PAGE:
I was half of "The Rolling Monkeys". My partner was Steve Moore. Our trike sported monkey fur and a fuzzy tail. It was my original intention to race in a full gorilla suit, but I allowed myself to be talked out of it when temperatures ran into the eighties. Steve wore a gas station attendant's uniform and a set of Billy-Bob teeth.

Everyone sported some sort of get-up - tights and capes being predominant. Dan Scanlon and Brian Fee stole the show as "Apricot and Peach", never uttering a word throughout the entire race but performing a choreographed dance routine, all while wearing black and gold lamé Mexican wrestlers' outfits.

Storyboard artist Dan Scanlon:
Brian Fee and I saw people taking a lot of time actually building a tricycle out of a bicycle, and we knew that nether of us had any ability to build something like that, so we figured our efforts would have to be in the showmanship arena.   Plus we already had those outfits lying around.

Actually we just went down to Big Bear, bought a kids big wheel, spray painted it gold, then bought opaque black ladies nylons and some creepy masks.   We were going for a disturbing, mysterious, harlequin look.   Our names where Apricot and Peach.

"Apricot and Peach", foreground. Samantha Burg, Kristen Kummer, and Ron Price, background.

Art director Beth Albright, on the grand entrance of "Apricot and Peach":
We were all getting lined up to begin the race, when a loud siren began echoing through the parking lot. We all turned to find two costumed racers striding out with some sort of siren/bullhorn thing held aloft between them. But these weren't just any costumes.... black tights, yellow briefs coated in gold sequins, white painted masks... and I think capes too? They marched over to the starting line and performed a choreographed routine, without saying a word or breaking character in any way, then proceeded directly to the starting line, leaving the assembled crew agape in their wake.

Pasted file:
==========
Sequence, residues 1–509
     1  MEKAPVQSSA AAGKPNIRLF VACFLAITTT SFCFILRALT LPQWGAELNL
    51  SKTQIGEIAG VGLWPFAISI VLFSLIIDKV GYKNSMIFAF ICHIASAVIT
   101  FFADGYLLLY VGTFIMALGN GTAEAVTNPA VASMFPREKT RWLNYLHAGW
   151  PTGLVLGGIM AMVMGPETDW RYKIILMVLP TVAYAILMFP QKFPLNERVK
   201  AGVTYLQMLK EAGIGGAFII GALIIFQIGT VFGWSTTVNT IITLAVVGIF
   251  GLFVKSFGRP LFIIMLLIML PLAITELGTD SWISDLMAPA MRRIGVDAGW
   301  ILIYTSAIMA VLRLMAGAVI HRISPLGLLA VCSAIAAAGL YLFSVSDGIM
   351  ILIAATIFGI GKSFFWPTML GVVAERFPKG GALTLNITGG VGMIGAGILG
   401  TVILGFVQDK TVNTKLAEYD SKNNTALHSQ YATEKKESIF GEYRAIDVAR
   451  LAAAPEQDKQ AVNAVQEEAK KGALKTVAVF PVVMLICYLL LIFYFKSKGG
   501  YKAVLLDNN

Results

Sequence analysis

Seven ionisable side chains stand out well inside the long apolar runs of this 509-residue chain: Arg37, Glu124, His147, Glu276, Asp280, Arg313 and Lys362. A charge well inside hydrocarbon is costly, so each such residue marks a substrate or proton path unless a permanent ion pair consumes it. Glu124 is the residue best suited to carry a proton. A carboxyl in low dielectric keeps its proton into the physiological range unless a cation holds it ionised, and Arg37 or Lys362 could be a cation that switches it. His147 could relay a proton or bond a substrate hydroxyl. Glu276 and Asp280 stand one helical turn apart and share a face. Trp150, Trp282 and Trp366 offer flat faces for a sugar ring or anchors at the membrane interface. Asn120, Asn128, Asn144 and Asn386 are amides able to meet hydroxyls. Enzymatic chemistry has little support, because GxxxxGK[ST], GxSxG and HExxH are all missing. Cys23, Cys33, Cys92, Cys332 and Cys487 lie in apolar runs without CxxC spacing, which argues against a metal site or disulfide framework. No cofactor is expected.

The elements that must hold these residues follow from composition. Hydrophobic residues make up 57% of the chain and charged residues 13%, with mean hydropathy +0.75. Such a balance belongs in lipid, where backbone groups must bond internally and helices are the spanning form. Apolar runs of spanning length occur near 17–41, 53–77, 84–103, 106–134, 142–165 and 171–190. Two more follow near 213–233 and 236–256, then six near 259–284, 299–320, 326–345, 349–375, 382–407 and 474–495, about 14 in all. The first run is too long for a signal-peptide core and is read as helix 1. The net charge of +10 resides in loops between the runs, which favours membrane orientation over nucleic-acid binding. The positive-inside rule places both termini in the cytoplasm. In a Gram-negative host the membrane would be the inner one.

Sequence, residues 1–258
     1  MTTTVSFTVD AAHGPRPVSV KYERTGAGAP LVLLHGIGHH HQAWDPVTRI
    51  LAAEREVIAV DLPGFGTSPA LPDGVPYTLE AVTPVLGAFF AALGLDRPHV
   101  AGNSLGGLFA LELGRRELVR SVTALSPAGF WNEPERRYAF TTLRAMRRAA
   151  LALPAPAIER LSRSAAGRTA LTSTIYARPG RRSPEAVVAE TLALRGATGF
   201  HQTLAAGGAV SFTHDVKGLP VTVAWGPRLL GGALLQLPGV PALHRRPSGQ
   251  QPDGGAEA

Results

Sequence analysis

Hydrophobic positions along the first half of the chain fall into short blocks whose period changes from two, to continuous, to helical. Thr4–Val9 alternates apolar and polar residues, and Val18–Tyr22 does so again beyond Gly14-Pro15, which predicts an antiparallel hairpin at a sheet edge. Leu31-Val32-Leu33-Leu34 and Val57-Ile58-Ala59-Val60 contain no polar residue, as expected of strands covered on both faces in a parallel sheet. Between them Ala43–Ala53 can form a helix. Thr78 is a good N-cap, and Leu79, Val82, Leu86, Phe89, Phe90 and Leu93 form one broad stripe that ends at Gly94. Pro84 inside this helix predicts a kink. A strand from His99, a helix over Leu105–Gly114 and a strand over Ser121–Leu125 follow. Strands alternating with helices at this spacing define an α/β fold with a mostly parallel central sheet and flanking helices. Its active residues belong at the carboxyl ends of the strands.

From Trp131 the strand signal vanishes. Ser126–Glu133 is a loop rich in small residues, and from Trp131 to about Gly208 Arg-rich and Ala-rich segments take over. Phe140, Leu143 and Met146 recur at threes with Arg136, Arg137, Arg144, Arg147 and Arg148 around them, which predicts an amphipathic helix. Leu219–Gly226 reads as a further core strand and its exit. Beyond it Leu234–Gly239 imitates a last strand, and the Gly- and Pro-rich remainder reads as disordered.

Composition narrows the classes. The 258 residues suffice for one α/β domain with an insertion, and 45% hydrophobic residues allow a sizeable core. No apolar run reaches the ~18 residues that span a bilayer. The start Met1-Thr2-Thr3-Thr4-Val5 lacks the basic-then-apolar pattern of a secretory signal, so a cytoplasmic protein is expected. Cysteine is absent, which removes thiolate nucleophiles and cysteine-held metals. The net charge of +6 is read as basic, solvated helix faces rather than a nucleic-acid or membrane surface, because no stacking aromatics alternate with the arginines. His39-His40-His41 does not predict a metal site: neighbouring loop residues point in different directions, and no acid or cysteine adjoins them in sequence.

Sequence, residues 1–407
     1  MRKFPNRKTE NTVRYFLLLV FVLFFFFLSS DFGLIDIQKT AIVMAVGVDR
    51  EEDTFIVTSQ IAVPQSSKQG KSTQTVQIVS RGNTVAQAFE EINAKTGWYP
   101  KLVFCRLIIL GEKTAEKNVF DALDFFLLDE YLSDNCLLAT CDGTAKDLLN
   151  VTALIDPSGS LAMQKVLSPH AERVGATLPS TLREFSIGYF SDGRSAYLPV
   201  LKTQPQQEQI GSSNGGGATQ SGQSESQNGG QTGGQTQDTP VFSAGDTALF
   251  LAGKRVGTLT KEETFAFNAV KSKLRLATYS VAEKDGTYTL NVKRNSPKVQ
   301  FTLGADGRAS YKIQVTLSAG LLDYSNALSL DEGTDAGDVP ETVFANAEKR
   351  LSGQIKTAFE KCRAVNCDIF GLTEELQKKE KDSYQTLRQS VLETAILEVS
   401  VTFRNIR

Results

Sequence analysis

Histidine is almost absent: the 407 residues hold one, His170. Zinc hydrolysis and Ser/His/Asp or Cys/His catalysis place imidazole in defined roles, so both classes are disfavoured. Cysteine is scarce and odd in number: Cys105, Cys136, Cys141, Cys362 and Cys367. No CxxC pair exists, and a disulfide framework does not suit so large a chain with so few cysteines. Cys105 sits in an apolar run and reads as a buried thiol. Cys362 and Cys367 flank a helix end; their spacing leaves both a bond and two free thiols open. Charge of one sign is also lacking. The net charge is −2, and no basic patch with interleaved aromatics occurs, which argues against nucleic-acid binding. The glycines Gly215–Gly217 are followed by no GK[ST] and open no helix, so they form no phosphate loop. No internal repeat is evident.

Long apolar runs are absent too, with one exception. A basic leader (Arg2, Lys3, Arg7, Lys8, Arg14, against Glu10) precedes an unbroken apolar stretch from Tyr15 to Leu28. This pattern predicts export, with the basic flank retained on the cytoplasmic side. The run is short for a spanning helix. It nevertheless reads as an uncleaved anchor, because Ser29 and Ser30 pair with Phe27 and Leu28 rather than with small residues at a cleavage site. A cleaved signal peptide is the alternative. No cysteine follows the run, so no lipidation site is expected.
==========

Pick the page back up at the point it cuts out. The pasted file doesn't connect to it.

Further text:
Steve   Moore:
For race day, neighboring businesses were alerted as to what was going on, and asked please not to run over the animators.   Some actually came out to watch.   A start/finish line was marked out with chalk, and a pit stop area designated with chips and beer - racing fuel.   

Teams got into costumes, and rolled out onto the starting line. For the record, the eight teams consisted of:

The Pamplemousse Bastards - Jim Kammerud and Dan Root

Rolling Monkeys - Ron Price and Steve Moore

Nodah X - Andy Friz and Brian Smith

Taunting Muffins - Nicole Ankowski and Beth Albright

Apricot and Peach - Dan Scanlon and Brian Fee

Rahal - Fuller - Marty Fuller and his stepson, Kevin

Atomic Bull and Brie - Charlie Warren and Brie Buyaky

And one unofficial entry: eight year-old Jessie Kammerud and his friend Parker.

Continued on Page P....

Top photo L to R: Brian Fee, Marty Fuller, Kevin Rahal, Dan Scanlon, Marshall Kammerud, Marianne Kammerud, Ron Price, Todd Cronin, Steve Moore (arms up), Jessie Kammerud (front), Nicole Ankowski, Dan Root, Beth Albright, Brian Smith, Jim Kammerud, Andy Friz, Brie Buyaky, Charlie Warren